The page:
A welcome to Earlham College's incoming class

(This article originally appeared in the August 16, 2013 edition of The Earlham Word, printed for new students beginning their first year at the college.)

Like many of you are doing now, I arrived as a new student on this campus not so many years ago, ready to see what college would be about. With too much luggage and an anxious but supportive parent in tow, I experienced the enthusiastic welcome as we drove up the main drive, the surveying of my dorm room, the slightly awkward and then quickly enjoyable meeting of my roommate, checking out the cafeteria, figuring out my mailbox, and breathing in the sights and sounds of the new place I would call home for a while.

These are moments and traditions that you'll all experience differently, but they're just a few in the many pieces of a journey that, across space and time, you're sharing with thousands of other Earlhamites who have also called this place home.

The adventure of that journey will almost certainly contain deep joy and exceptional challenges. There will almost certainly be love and loss, shocking moments of new perspective, and changes in course that you'd swear today could never happen to you. You will be changed by this place in ways you may not fully notice until months or years later, and you will change those around you both with your big ideas and with the quiet moments of understanding or kindness that you show them. You will undoubtedly screw up, maybe in a big and public way, maybe in a small way that only you feel, but you'll also learn new kinds of humility and forgiveness that will serve you well.

If I have regrets about my own time at Earlham, there are three worth holding up here in case they're helpful to you:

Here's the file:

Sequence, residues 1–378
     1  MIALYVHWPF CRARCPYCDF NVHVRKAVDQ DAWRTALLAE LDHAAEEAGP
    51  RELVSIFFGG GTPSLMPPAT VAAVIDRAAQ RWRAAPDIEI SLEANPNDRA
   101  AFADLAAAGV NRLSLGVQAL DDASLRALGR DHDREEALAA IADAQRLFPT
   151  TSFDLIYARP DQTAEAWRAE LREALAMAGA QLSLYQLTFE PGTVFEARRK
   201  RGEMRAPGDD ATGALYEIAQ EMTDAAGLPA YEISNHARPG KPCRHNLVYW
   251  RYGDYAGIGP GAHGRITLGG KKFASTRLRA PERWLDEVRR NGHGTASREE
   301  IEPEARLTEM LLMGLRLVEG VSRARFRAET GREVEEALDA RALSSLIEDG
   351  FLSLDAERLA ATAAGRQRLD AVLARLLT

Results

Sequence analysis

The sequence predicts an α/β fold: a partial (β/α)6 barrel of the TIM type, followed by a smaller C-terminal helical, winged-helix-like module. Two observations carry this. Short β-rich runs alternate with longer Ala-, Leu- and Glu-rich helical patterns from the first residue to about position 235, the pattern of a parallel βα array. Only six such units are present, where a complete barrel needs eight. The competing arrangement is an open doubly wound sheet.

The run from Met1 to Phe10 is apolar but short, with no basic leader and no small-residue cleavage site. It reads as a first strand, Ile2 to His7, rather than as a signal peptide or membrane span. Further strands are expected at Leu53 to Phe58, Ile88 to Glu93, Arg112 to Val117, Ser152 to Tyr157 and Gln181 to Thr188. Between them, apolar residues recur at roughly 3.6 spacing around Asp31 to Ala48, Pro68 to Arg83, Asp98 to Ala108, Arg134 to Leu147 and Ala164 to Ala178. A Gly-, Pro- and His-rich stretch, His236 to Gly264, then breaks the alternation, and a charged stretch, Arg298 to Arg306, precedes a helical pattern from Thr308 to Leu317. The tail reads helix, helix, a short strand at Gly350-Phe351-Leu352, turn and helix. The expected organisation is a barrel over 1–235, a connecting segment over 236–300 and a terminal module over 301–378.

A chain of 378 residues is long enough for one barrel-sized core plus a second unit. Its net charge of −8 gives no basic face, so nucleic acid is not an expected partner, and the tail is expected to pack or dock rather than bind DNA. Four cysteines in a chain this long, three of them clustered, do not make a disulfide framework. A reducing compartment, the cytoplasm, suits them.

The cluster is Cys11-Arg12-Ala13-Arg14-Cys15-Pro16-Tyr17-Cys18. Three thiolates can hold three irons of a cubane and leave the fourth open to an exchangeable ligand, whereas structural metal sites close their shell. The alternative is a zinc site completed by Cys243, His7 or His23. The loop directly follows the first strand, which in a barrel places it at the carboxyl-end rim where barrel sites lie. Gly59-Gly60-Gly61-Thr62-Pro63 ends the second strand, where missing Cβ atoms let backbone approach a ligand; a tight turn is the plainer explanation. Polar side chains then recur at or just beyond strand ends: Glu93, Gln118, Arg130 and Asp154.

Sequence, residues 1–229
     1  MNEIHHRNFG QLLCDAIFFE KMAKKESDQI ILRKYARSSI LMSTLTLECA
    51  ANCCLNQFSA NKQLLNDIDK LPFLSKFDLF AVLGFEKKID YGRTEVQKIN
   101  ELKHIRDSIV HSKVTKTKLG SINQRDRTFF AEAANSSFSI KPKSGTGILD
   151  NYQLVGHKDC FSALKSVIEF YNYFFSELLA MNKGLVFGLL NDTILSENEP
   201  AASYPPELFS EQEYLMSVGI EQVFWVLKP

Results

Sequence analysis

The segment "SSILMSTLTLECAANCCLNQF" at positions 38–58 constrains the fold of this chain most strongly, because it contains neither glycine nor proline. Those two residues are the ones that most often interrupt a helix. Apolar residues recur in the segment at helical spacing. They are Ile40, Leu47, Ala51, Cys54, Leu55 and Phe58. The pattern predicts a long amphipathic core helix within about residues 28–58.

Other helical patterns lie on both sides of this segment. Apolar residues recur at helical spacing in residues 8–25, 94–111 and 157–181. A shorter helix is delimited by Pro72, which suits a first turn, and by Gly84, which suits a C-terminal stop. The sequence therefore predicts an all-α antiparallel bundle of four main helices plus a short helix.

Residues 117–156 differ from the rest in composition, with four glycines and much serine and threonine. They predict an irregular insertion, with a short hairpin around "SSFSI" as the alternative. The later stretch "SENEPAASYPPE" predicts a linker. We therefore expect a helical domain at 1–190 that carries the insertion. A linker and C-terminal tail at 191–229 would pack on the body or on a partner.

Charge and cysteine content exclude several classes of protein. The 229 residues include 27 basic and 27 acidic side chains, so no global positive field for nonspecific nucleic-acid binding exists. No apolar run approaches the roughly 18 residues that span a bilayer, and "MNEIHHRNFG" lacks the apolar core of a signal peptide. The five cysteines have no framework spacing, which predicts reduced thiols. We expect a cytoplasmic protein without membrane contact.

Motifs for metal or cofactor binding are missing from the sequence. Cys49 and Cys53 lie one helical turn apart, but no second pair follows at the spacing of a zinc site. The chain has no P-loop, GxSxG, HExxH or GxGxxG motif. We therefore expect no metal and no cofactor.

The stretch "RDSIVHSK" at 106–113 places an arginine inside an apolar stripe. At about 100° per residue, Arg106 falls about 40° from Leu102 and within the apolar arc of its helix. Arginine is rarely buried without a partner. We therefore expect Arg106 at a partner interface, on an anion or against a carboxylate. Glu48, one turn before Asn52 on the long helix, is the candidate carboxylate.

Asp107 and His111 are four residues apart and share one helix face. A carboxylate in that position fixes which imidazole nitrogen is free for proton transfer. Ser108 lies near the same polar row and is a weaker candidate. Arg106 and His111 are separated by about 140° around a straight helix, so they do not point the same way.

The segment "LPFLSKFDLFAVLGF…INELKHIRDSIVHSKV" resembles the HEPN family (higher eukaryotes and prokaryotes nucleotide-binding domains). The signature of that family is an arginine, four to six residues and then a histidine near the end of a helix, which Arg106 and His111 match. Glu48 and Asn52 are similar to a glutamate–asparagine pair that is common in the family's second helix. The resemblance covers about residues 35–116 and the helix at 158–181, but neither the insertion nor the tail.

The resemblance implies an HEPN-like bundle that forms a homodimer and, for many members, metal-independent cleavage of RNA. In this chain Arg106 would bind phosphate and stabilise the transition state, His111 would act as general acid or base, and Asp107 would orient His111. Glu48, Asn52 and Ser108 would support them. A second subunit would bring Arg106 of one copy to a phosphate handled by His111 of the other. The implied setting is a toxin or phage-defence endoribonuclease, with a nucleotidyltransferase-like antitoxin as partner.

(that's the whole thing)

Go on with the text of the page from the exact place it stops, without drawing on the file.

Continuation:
One is that I pretty much ate nothing but cereal for the first three months at Earlham. It's not that the other food wasn't good, but an "all you can eat" cereal bar was too good to pass up. It turns out that cereal and milk alone is not a sufficiently balanced diet, and I can't recommend this approach.

Another is that I held on too long to the instinct - developed and honed in high school - to be protective of my heart, to avoid vulnerability, and to not risk embarrassment or just being wrong. In a place where so many amazing people, ideas and possibilities are coming together for what ends up feeling like a fairly brief time, I wish I had done less hesitant testing of the waters and more diving in and being carried away. The entire college experience is created around making it safe and possible to do so, and when I learned to let go, I had some of the best experiences (and made some of the best friends) of my life.

Last is that I probably took for granted how many unique, once-in-a-lifetime opportunities the Earlham student experience offers. There are classes that may have nothing to do with your major or fields of interest, but that you should take anyway. There are off-campus programs that may sound too demanding, but will be trips you talk about for the rest of your life. There's a whole extended community of faculty, staff, alumni and Richmond residents who are excited to see you succeed, but sometimes you have to seek them out to see what they can bring. You CAN go through life at Earlham waiting for interesting things to happen to you, but I think it's better when you go in search of those things yourself.

Whatever your approach, I hope you settle in, open up, and work hard to get the most out of this time as so many before you have. Welcome to the Earlham community - and go easy on the cereal.

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Chris Hardie

Chris Hardie is an Internet tech geek, problem solver, community-builder and amicable cynic.

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